SAN FRANCISCO -- Twitter tumbled to its lowest stock price as a publicly traded company Wednesday, after investors and analysts parsed the social network's latest quarterly performance report and emerged with doubts about the company's ability to grow.

Shares sold for as low as $37.24 Wednesday, a 12.6 percent plunge from Tuesday's closing price and the closest Twitter stock has come to the company's $26 IPO price since going public in November 2013. Shares closed at $38.97, an 8.6 percent daily drop that adds to a long downward trajectory for Twitter, which had already lost more than 40 percent of its peak market capitalization of more than $42 billion.

Wednesday's weakness stemmed from the San Francisco microblogging service's report on first-quarter financial performance, which showed that Twitter again sustained heavy losses: The company claimed a net loss of $132.4 million, or 23 cents a share, on sales of $250.5 million in the first three months of the year.

That financial performance was actually better than analysts expected. The part of the report that seemed to garner the most attention was Twitter's user base, which is suffering from slowing growth: Its social networking service attracted 255 million users per month in the first quarter, a 5.8 percent uptick from the previous quarter, and other metrics that measure user engagement were unimpressive.


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"User growth serves as canary once more," Evercore analyst Ken Sena wrote in a note Wednesday morning. "This quarter represents at least Twitter's fourth in a row of stepped user growth deceleration, suggesting to us that some users are beginning to find alternatives elsewhere."

Wells Fargo analyst Peter Stabler chimed in with his note: "User growth as reported remains troubling given what we believe is near universal consumer awareness of Twitter and unmatched levels of support from mainstream media," he said.

"In short, we believe millions of consumers have sampled Twitter only to find a complex product with marginal relevance and value-a view we realize stands in sharp contrast to the fanatical loyalty the company enjoys among its core users," Stabler later added.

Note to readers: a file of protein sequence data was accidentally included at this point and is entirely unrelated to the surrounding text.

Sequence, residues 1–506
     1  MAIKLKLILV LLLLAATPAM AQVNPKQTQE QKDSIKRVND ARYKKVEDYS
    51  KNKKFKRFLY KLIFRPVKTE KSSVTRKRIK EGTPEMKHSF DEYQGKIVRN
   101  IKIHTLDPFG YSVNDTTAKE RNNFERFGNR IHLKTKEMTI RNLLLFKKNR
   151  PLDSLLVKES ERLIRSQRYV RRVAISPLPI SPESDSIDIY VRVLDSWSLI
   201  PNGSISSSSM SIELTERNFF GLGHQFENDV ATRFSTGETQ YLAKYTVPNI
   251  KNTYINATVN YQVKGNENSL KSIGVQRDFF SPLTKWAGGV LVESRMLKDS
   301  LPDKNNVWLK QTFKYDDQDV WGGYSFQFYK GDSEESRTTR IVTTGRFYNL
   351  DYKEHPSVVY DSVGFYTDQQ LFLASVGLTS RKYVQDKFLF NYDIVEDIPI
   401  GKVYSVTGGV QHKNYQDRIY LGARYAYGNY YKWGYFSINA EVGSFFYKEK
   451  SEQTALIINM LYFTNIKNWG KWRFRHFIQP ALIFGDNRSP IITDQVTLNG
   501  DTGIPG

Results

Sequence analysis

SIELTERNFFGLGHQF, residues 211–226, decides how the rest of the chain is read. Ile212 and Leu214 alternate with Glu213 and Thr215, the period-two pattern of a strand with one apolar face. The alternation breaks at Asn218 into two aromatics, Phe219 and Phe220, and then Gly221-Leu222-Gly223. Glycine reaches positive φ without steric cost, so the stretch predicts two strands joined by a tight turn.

CEO Dick Costolo defended his company in a Wednesday morning interview with Bloomberg Television, touting the ubiquity of its service.

"It's already embedded into the fabric of the culture of not just the United States but the world. So in that sense, I very much think of it as a mainstream platform, and a durable and lasting platform upon which we can build a great business," Costolo said.

There is also concern about upcoming lockup expirations, which will free for public trading hundreds of millions of Twitter shares currently held by employees and early investors. Twitter stated publicly earlier this month that Costolo, co-founders Jack Dorsey and Evan Williams, and venture firm Benchmark Capital will not sell their shares immediately, but that still leaves a bundle of new stock available for sale as of May 5.

"We estimate that about 275 million shares are attributed to holders that have disclosed they will not be sellers at the lockup, leaving about 200 million available for sale, which could pressure the stock," SunTrust Robinson Humphrey analyst Rob Peck wrote in a note.

Contact Jeremy C. Owens at 408-920-5876; follow him at Twitter.com/jowens510.